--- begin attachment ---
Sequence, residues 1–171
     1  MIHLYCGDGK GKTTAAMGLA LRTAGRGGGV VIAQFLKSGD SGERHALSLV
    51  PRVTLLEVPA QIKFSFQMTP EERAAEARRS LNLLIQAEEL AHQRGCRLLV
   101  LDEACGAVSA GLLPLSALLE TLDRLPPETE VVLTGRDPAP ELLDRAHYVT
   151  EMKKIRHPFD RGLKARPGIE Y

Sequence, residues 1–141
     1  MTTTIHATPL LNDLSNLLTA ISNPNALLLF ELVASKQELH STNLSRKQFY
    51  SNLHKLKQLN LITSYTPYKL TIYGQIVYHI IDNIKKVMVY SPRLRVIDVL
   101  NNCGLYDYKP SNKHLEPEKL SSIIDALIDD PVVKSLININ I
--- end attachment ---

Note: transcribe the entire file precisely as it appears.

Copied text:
Sequence, residues 1–171
     1  MIHLYCGDGK GKTTAAMGLA LRTAGRGGGV VIAQFLKSGD SGERHALSLV
    51  PRVTLLEVPA QIKFSFQMTP EERAAEARRS LNLLIQAEEL AHQRGCRLLV
   101  LDEACGAVSA GLLPLSALLE TLDRLPPETE VVLTGRDPAP ELLDRAHYVT
   151  EMKKIRHPFD RGLKARPGIE Y

Sequence, residues 1–141
     1  MTTTIHATPL LNDLSNLLTA ISNPNALLLF ELVASKQELH STNLSRKQFY
    51  SNLHKLKQLN LITSYTPYKL TIYGQIVYHI IDNIKKVMVY SPRLRVIDVL
   101  NNCGLYDYKP SNKHLEPEKL SSIIDALIDD PVVKSLININ I